Foreign investors eyeing Nigeria’s healthcare sector
The coronavirus pandemic has highlighted a significant gap in health spending in Africa’s largest economy, and international investors are keen to fill this gap.
In terms of health care, Nigeria lags behind its comparable African neighbors in terms of costs and access to health services.
For example, Nigeria’s government spending on health accounts for just 3.89% of its $ 495 billion gross domestic product (GDP), according to the latest available data from the World Bank, compared to 8.25% in South Africa and 5. 17% in Kenya.
Nigeria will need 386,000 extra beds and $ 82 billion in healthcare real estate investments to reach the global average of 2.7 hospital beds per 1,000 people, according to a recent report by real estate consultancy Knight Frank..
In addition, according to the UN, Nigeria’s 206 million population is expected to nearly double by 2050, making it the third most populous country in the world..
All of this, especially when combined with the coronavirus pandemic, has sparked interest in the medical sector from foreign investors..
Knight Frank’s survey of 140 global investors in June found that 80% are considering investing in health infrastructure in Africa in light of the coronavirus crisis. This interest was primarily focused on real estate properties for hospitals and hospitals, as well as operating companies collaborating with local experts..
As with much of the African continent, Nigeria has managed to maintain a relatively low incidence of coronavirus given its population size: 90,080 cases and 1,311 deaths have been reported as of Monday morning, according to data compiled by Johns Hopkins University..
Even before the pandemic, Africa’s medical assets began to generate wider interest. The International Finance Corporation, a member of the World Bank, in November 2019, in partnership with the Investment Fund for Healthcare in Africa II (IFHA-II), formed a Special Purpose Company (SPAC) with a budget of $ 115 million for healthcare enterprises in the east and south of the African continent.
European development finance institutions such as Swedfund, the Swedish development finance institution, have supported IFHA, along with organizations such as Pfizer and the Stichting Social Investor Foundation for Africa, whose sponsors include Aegon, Heineken, Shell and Unilever, among others..
Since the start of the pandemic, the Nigerian government has issued 100 billion naira ($ 254.6 million) in public health loans, from pharmaceutical companies and medical product manufacturers to service providers, which appears to have generated a lot of interest from private investors. The Bank of Industry, a Nigerian development finance institution, provides an additional 50 billion naira for this purpose.
«There are very good opportunities for the development of world-class healthcare facilities throughout Africa, but especially in Nigeria», – said Hafiz Giva (Hafeez Giwa), managing partner of HC Capital Properties, which invests in medical assets in Nigeria.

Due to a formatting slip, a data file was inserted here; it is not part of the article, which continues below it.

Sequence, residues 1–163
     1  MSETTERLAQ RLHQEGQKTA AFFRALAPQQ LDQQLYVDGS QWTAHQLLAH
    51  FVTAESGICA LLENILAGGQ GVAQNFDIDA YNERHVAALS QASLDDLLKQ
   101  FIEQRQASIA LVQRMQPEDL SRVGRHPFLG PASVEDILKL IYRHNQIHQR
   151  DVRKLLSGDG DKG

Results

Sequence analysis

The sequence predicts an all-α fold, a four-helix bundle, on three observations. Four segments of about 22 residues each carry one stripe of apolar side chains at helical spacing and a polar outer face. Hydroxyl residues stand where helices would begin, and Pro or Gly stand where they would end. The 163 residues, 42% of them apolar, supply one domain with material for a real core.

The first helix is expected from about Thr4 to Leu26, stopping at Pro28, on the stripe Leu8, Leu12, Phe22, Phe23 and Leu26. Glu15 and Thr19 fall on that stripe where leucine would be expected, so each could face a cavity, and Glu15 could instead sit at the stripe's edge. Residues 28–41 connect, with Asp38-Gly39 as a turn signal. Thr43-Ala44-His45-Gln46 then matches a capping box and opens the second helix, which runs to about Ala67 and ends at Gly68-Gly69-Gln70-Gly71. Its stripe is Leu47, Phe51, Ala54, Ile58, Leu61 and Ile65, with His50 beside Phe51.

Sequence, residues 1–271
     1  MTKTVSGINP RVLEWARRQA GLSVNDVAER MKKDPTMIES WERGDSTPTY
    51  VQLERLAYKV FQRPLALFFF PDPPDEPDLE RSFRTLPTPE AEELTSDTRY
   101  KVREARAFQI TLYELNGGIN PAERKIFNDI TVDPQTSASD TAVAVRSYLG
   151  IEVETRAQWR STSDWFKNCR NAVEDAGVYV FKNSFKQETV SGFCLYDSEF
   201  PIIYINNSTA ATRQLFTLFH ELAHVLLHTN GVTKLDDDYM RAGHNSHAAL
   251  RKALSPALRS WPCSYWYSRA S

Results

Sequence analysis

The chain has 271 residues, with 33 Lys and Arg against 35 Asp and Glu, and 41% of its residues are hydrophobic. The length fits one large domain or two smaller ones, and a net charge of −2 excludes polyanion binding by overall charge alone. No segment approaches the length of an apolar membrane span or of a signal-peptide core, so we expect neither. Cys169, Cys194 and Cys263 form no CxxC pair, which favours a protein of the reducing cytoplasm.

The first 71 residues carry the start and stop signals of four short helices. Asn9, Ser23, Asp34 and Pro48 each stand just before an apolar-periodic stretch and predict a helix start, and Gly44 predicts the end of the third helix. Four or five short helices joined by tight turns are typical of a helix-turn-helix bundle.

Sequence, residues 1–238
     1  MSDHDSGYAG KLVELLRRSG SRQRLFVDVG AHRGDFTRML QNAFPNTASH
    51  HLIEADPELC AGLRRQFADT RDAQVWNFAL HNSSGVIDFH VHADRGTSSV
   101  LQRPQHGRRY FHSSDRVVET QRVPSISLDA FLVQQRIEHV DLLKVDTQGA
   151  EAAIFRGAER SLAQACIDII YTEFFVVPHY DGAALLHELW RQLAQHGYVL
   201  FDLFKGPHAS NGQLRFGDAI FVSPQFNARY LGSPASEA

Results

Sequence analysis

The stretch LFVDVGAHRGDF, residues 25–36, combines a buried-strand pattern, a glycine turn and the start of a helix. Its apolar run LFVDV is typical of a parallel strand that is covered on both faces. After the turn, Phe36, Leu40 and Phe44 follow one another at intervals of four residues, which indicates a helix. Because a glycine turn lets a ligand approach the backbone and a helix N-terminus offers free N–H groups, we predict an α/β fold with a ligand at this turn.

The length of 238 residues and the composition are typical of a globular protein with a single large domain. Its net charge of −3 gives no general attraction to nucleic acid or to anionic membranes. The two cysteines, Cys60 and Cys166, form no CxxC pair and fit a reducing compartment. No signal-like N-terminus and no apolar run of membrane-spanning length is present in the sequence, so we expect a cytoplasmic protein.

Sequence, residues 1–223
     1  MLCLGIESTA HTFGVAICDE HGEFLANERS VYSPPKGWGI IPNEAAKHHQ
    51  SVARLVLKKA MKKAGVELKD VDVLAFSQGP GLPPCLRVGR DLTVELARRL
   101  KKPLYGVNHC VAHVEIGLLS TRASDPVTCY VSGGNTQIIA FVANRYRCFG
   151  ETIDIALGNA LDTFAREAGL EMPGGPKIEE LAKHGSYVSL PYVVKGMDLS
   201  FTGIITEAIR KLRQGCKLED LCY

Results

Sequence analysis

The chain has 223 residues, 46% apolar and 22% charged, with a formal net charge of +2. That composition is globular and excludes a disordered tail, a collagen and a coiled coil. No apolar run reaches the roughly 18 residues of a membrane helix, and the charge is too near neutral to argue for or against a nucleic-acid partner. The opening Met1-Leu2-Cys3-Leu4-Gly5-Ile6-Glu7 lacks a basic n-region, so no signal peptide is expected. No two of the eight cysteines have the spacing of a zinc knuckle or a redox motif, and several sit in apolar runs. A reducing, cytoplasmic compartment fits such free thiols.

«Most of the public hospitals here were built over 40 years ago, and only a few have received any investment since then.», – Givea said in a report released Monday by consulting firm New Markets Media & Intelligence.
Tosin Ranseve (Tosin Runsewe), CEO of healthcare investment company AfyACare Nigeria, highlighted another opportunity: compulsory health insurance for federal employees will lower insurance costs, and the percentage of covered health care costs could rise to 20-30% by 2030.
Currently, about 72% of household health care costs are paid out of pocket, compared with the 35% sub-Saharan average, the Knight Frank report highlights, and only 5% of medical costs are covered by insurance..
«If we could reach the critical mass of 40-60 million Nigerians with medical coverage, the cost of this treatment could be covered by health insurance premiums of only about 20,000 naira ($ 50) per year, which is half the current average cost.», – said Ranseve.
«Private primary health care clinics have many opportunities for investors to provide services at an affordable cost».
Giva said HC Capital Properties is investing in Nigeria both because of «urgent need», and because of government initiatives that have made it easier to develop high quality assets that offer affordable service. He suggested that two types of investors are currently exploring these opportunities..
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«On the one hand, there are local institutional investors and local pension funds who, in the case of Nigeria, invest in naira and do not worry about currency risks», – said Gibea.
«On the other hand, there are investors and development-influencing institutions who are excited about the prospect of providing high-quality health care to low- and middle-income Nigerians.».
He expects the pandemic to lead to «constant change of mind», resulting in greater emphasis on quality home health care.
According to a recent PwC report, Nigeria is currently losing up to $ 1 billion a year to outbound health tourism among wealthier Nigerians due to inadequate domestic amenities..